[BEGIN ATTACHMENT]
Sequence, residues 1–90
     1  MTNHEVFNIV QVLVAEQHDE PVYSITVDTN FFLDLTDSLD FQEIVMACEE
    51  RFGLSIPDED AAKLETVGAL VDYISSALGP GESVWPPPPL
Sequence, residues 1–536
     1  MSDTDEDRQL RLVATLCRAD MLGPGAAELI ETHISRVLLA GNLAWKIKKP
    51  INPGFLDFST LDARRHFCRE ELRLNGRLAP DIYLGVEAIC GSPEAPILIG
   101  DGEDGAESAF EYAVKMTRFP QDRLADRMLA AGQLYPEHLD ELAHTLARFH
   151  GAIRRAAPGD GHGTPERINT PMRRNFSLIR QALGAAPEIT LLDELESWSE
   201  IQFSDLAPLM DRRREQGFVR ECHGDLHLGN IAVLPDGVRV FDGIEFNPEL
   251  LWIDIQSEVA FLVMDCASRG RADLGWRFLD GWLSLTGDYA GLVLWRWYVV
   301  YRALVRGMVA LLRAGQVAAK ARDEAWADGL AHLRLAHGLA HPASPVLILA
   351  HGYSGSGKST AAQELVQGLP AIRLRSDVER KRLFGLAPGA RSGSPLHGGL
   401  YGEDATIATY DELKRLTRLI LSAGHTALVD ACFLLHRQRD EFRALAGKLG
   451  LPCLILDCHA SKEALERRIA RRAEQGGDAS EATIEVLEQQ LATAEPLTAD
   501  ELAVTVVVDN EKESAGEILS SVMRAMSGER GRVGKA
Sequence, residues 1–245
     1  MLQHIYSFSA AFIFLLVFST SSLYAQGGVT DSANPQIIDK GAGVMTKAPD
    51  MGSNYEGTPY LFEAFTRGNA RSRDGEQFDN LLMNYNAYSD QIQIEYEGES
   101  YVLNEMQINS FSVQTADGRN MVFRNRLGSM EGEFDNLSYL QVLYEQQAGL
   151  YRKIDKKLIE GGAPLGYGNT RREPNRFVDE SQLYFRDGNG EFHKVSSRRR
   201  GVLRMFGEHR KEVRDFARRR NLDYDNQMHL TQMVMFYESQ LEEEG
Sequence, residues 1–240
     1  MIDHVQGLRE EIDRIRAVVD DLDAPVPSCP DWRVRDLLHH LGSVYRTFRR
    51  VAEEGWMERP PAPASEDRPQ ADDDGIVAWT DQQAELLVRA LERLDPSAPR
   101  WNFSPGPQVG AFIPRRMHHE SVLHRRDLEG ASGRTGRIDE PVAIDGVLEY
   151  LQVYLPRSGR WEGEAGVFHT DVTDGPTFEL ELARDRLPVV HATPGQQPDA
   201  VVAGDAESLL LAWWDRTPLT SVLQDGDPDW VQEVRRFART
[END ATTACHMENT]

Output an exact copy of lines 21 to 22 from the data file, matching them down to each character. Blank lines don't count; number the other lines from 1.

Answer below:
   201  GVLRMFGEHR KEVRDFARRR NLDYDNQMHL TQMVMFYESQ LEEEG
Sequence, residues 1–240